Beard, Mary 1955-
Beard, Mary 1955-
Born January 1, 1955, in Much Wenlock, England; daughter of Roy Whitbread (an architect) and Joyce Emily (a teacher) Beard; married Robin Sinclair Cormack (a university teacher), September 27, 1985; children: Zoe Troy, Raphael Christian. Education: Newnham College, Cambridge, B.A., 1977, Ph.D., 1981. Politics: Socialist.
Office—Newnham College, Cambridge, CB3 9DF, England. E-mail—[email protected] uk.
Kings College, London, England, lecturer in classics, 1979-83; Newnham College, Cambridge, lecturer, 1984-99, reader, began 1999, became professor of classics. Curator, with others, of the exhibition "From Ancient Art to Post-Impressionism," Royal Academy, London.
The Good Working Mothers Guide, Duckworth (London, England), 1988.
(Editor, with J. Huskinson and J. Reynolds) Image and Mystery in the Roman World: Three Papers Given in Memory of Jocelyn Toynbee, A. Sutton (Gloucester, England), 1988.
(Editor, with John North) Pagan Priests: Religion and Power in the Ancient World, Cornell University Press (Ithaca, NY), 1990.
The Invention of Jane Harrison, Harvard University Press (Cambridge, MA), 2000.
(With John Henderson) Classical Art: From Greece to Rome, Oxford University Press (Oxford, England), 2001.
The Parthenon, Profile (London, England), 2002, Harvard University Press (Cambridge, MA), 2003.
(With Keith Hopkins) The Colosseum, Harvard University Press (Cambridge, MA), 2005.
Editor for classics, Times Literary Supplement. Contributor of reviews to periodicals, including Times Literary Supplement and London Review of Books; contributor of articles to journals.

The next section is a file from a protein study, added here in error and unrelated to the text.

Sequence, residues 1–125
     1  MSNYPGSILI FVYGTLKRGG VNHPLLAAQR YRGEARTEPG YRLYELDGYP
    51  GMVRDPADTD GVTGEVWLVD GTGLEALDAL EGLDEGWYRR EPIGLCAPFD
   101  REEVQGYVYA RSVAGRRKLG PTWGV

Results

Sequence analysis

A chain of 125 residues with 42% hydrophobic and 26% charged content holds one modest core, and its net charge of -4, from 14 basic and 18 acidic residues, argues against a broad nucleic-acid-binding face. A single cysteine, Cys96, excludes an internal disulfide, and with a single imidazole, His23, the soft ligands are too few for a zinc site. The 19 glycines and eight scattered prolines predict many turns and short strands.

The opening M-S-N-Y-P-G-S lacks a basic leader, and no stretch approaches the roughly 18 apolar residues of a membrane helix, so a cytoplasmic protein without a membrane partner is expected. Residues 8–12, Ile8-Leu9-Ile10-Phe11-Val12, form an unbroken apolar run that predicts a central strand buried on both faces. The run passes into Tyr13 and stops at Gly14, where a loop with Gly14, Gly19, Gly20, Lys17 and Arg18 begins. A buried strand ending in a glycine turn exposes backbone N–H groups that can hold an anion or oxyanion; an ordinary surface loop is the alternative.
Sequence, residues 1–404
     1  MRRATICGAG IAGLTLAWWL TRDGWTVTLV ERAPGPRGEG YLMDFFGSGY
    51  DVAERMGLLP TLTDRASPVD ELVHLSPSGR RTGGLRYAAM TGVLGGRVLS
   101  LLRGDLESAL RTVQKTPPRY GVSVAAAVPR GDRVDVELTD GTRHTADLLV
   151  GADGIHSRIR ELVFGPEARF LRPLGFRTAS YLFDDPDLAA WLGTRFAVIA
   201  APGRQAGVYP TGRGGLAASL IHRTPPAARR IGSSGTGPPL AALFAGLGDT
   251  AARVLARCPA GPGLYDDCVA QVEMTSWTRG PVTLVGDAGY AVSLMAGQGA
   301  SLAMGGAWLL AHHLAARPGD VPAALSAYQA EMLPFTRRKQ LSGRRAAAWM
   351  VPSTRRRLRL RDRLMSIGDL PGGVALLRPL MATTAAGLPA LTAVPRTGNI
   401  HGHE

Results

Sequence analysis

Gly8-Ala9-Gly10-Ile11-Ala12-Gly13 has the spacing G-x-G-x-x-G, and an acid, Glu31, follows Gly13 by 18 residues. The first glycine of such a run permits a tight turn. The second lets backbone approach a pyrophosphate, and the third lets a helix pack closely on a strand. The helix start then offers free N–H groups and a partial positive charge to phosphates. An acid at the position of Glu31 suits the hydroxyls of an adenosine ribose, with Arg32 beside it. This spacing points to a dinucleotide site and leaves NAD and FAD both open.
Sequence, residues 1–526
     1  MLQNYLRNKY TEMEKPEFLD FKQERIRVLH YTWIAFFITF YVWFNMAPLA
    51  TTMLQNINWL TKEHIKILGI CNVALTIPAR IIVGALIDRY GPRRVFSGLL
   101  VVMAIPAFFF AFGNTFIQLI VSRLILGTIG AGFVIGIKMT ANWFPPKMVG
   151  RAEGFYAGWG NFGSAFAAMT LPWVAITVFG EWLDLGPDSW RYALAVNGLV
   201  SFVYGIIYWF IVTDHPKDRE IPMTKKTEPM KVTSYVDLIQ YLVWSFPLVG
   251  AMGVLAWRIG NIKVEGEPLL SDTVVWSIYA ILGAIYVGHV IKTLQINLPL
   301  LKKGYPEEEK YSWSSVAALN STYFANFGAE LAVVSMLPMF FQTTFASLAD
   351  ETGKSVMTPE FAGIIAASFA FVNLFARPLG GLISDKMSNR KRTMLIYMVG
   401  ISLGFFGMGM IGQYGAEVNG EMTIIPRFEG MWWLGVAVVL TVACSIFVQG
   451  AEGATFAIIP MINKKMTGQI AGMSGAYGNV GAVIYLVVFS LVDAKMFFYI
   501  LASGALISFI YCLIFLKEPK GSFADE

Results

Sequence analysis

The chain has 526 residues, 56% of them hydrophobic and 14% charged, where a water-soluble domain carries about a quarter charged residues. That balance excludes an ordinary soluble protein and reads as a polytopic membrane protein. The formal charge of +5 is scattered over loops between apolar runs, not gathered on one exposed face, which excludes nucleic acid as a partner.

Mary Beard is a British scholar who studies ancient Greece and Rome. Although many of her works are for a more academic audience, she has also written books for the general public, including The Parthenon and The Colosseum. Each of these volumes contains a brief overview of the histories of these famous buildings and of their roles in Greek and Roman society, respectively. According to a Kirkus Reviews contributor, The Colosseum "does well what all such summary works should do: tell a compelling story, correct historical errors and common misconceptions, [and] animate readers to pursue the subject further." As the books prove, Beard had many such errors and misconceptions to correct about these two structures. In The Colosseum, she and coauthor Keith Hopkins show that the stories about Christians being fed to lions in the Colosseum are not supported by contemporaneous evidence and that the ancient Romans who used the building called it the Amphitheater, not the Colosseum. Beard performs a similar deconstruction on the Parthenon, revealing that the modern Parthenon that most readers know is actually a reconstruction—a horribly inaccurate one—done in the 1920s. Both volumes were generally praised by critics. George Cohen concluded in Booklist that The Colosseum is "a fascinating account for the Rome-bound traveler as well as the fan of European history," while Atlantic Monthly contributor Benjamin Schwarz deemed The Parthenon "wry and imaginative."
BIOGRAPHICAL AND CRITICAL SOURCES:
American Historical Review, February, 1987, Bruce W. Frier, review of Rome in the Late Republic, pp. 109-110.
Atlantic Monthly, April, 2003, Benjamin Schwarz, review of The Parthenon, p. 92.
Booklist, November 1, 1995, Gilbert Taylor, review of Classics: A Very Short Introduction, p. 440; October 1, 2005, George Cohen, review of The Colosseum, p. 18.
Classical Journal, February-March, 2000, Roger Beck, review of Religions of Rome, pp. 279-282.
Economist, September 16, 2000, "Archaeology and the Classical World—The Rite Stuff," p. 94, and review of The Invention of Jane Harrison, p. 142.
Greece & Rome, April, 1991, P. Walcot, review of Pagan Priests, p. 119.
Journal of Religion, October, 2000, King Charles, review of Religions of Rome, p. 712.
Library Journal, September 15, 2000, Diane Gardner Premo, review of The Invention of Jane Harrison, p. 85.
Times Literary Supplement, May 11, 1990, Simon Price, review of Pagan Priests, p. 508; December 22, 1995, John Godwin, review of Classics, p. 23; April 2, 1999, Henry Chadwick, review of Religions of Rome, pp. 44-45; June 30, 2000, Elizabeth Lowry, review of The Invention of Jane Harrison, p. 12.